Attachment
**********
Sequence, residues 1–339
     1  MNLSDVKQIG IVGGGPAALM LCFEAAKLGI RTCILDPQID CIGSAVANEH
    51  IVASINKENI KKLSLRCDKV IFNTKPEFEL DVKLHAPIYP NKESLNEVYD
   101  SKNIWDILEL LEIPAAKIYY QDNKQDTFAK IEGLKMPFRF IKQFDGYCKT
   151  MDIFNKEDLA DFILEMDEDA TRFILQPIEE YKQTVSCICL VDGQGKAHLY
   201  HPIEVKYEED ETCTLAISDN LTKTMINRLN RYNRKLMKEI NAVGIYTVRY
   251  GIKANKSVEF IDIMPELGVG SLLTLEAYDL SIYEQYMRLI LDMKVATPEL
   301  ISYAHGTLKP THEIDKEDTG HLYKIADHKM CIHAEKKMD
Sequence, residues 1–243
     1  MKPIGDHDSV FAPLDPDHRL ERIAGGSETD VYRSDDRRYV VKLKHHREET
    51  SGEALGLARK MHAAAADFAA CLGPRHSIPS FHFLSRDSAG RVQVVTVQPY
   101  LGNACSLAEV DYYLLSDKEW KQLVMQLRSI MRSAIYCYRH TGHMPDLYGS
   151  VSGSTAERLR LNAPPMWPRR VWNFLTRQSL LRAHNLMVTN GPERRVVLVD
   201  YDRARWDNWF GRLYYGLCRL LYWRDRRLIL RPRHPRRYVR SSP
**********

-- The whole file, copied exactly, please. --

Sequence, residues 1–339
     1  MNLSDVKQIG IVGGGPAALM LCFEAAKLGI RTCILDPQID CIGSAVANEH
    51  IVASINKENI KKLSLRCDKV IFNTKPEFEL DVKLHAPIYP NKESLNEVYD
   101  SKNIWDILEL LEIPAAKIYY QDNKQDTFAK IEGLKMPFRF IKQFDGYCKT
   151  MDIFNKEDLA DFILEMDEDA TRFILQPIEE YKQTVSCICL VDGQGKAHLY
   201  HPIEVKYEED ETCTLAISDN LTKTMINRLN RYNRKLMKEI NAVGIYTVRY
   251  GIKANKSVEF IDIMPELGVG SLLTLEAYDL SIYEQYMRLI LDMKVATPEL
   301  ISYAHGTLKP THEIDKEDTG HLYKIADHKM CIHAEKKMD
Sequence, residues 1–243
     1  MKPIGDHDSV FAPLDPDHRL ERIAGGSETD VYRSDDRRYV VKLKHHREET
    51  SGEALGLARK MHAAAADFAA CLGPRHSIPS FHFLSRDSAG RVQVVTVQPY
   101  LGNACSLAEV DYYLLSDKEW KQLVMQLRSI MRSAIYCYRH TGHMPDLYGS
   151  VSGSTAERLR LNAPPMWPRR VWNFLTRQSL LRAHNLMVTN GPERRVVLVD
   201  YDRARWDNWF GRLYYGLCRL LYWRDRRLIL RPRHPRRYVR SSP